Course Navigator

Back To Course

McDougal Littell Pre-Algebra: Online Textbook Help13 chapters | 144 lessons

Watch short & fun videos
**Start Your Free Trial Today**

Instructor:
*Cathryn Jackson*

Cat has taught a variety of subjects primarily in Communication, Mathematics, and Technology. Cat has a Master's degree in Education and is currently working on her Ph. D.

Categorical data is often used in mathematical and scientific data collection. In this lesson, you will learn the definition of categorical data and analyze examples. When you've finished, review what you've learned with a short quiz.

**Data**, in mathematical and scientific speak, is a group of information collected. This information could be anything, and can be used to prove or disprove a hypothesis (or scientific guess) during an experiment. Data that can be collected can be height, weight, a person's opinion on a political issue, the number of people that catch a certain cold over a year, and so much more. Data is usually grouped into two different types of information: **categorical** and **numerical**. In this lesson, we'll talk about categorical data.

All data collected is collected in the form of numbers, but we don't often know what those numbers mean. Categorical data puts a meaning to those numbers. If I gave you the numbers 4, 10, and 12 you wouldn't know what to do with them or what they mean. However, if I said there are 4 blondes in a class, 10 redheads, and 12 brunettes you would have a better understanding of what those numbers mean. That's because I grouped those numbers into categories.

What to look for when identifying categorical data:

**Categories:** Categorical data, as the name implies, is grouped into some sort of category or multiple categories. For example, if I were to collect information about a person's pet preferences, I would have to group that information by the type of pet. Categorical data is also data that is collected in an either/or or yes/no fashion. For example, if I were to ask the people in my office to check yes/no on whether they had children, then I can display that information in a bar graph or a pie chart comparing co-workers that had children versus co-workers that do not have children.

Look at the example below. Can you identify the categorical data?

Jill is collecting information about her restaurant's pizza sales. On the left, she has created a chart showing the number of pizzas sold, divided by the type of pizza. On the right, she has the amount of money made from the pizza sales that month. Which information is categorical data?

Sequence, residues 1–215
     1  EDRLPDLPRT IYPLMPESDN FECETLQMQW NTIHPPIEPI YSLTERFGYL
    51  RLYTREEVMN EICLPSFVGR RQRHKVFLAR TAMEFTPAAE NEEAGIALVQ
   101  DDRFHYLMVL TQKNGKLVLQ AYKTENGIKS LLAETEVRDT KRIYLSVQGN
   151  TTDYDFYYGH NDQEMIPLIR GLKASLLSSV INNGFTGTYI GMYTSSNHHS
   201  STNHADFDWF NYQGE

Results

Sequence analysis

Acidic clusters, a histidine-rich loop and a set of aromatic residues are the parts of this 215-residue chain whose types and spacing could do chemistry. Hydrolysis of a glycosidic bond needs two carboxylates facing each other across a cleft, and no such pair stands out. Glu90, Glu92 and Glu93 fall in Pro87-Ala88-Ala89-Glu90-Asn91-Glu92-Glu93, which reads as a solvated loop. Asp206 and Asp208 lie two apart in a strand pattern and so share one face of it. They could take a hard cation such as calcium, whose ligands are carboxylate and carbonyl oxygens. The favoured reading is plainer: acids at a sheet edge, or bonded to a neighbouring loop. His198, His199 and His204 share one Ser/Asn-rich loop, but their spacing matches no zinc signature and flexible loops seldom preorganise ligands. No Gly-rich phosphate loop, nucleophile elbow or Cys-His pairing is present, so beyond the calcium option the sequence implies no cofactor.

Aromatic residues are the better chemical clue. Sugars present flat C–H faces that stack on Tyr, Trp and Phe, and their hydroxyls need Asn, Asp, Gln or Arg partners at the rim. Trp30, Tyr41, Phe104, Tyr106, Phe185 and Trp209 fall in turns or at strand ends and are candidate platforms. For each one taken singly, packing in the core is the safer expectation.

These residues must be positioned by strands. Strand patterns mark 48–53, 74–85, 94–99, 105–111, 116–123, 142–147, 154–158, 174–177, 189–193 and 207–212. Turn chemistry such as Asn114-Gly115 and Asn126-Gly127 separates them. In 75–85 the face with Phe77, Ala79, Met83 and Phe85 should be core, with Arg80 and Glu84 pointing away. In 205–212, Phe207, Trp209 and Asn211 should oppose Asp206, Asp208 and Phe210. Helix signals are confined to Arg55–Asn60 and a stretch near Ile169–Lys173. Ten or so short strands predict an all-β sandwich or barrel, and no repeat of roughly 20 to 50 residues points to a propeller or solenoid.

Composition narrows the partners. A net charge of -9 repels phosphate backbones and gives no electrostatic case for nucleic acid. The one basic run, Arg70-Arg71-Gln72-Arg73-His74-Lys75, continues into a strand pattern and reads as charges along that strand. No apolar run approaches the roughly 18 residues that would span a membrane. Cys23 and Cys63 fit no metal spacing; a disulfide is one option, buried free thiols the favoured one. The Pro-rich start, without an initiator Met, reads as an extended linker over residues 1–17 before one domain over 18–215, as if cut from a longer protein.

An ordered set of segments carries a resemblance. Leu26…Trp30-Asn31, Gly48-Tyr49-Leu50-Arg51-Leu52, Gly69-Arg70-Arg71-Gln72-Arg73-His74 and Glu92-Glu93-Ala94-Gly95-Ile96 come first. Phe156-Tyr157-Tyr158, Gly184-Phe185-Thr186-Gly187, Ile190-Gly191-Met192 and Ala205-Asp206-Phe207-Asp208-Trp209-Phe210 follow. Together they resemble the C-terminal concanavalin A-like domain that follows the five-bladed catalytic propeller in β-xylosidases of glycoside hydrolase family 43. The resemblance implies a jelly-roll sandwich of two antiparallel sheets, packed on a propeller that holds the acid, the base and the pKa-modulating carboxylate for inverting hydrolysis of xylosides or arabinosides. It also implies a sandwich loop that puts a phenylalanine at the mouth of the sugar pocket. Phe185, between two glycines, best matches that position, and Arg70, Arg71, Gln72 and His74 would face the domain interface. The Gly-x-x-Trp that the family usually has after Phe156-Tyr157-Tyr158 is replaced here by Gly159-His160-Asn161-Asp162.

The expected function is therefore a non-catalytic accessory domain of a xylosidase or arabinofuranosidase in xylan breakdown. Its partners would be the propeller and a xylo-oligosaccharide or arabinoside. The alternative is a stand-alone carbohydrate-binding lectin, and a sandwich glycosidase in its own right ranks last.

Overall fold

How did you do? In this example the categorical data is the number of pizzas sold, grouped by types.

Let's try another one:

Look at the example below. Can you identify the categorical data?

Michael is collecting information about television programming. He sent out a survey asking the following questions:

- Which TV programs do you watch the most often?
- Approximately how many hours of television do you watch each day?
- How many people live in your household?
- What are the age groups of the people in your household?

(0-5) (6-10) (11-15) (16-20) (21-30) (31-40) (41-50) (51-60) (61+)

Which questions asked for information that could be collected as categorical data?

How did you do? In this example, the categorical data is questions one and four. You can make a bar graph or a pie graph out of the information that is gathered from either question. Both questions require you to separate the information by categories. For question number one, you would have to group the information by the television program named or by the genre of television programming. For question number four, you would have to group the information by which age group was selected.

Data that is collected can be either categorical or numerical data. Numbers often don't make sense unless you assign meaning to those numbers. Categorical data helps you do that. Categorical data is when numbers are collected in groups or categories. Categorical data is also data that is collected in an either/or or yes/no situation.

To unlock this lesson you must be a Study.com Member.

Create your account

Did you know… We have over 100 college courses that prepare you to earn credit by exam that is accepted by over 2,900 colleges and universities. You can test out of the first two years of college and save thousands off your degree. Anyone can earn credit-by-exam regardless of age or education level.

To learn more, visit our Earning Credit Page

Not sure what college you want to attend yet? Study.com has thousands of articles about every imaginable degree, area of study and career path that can help you find the school that's right for you.

Course Navigator

Back To Course

McDougal Littell Pre-Algebra: Online Textbook Help13 chapters | 144 lessons

- Creating & Reading Stem & Leaf Displays 4:27
- Creating & Interpreting Histograms: Process & Examples 5:43
- Creating & Interpreting Box Plots: Process & Examples 6:29
- Understanding Bar Graphs and Pie Charts 9:36
- Scatterplots and Line Graphs: Definitions and Uses 7:17
- Simple Random Samples: Definition & Examples 5:10
- What is Random Sampling? - Definition, Conditions & Measures 5:55
- Stratified Random Samples: Definition, Characteristics & Examples 6:25
- Systematic Random Samples: Definition, Formula & Advantages 8:37
- Issues in Probability & Non-Probability Sampling 7:50
- The Relationship Between Population, Sample & Generalizability 7:09
- What Is a Factorial? 5:24
- How to Calculate a Permutation 6:58
- Math Combinations: Formula and Example Problems 7:14
- The Addition Rule of Probability: Definition, Examples & Quiz 10:57
- Probability of Independent and Dependent Events 12:06
- The Multiplication Rule of Probability: Definition, Examples & Quiz 8:37
- Categorical Data: Definition, Analysis & Examples
- Go to McDougal Littell Pre-Algebra Chapter 11: Data Analysis and Probability

Browse by subject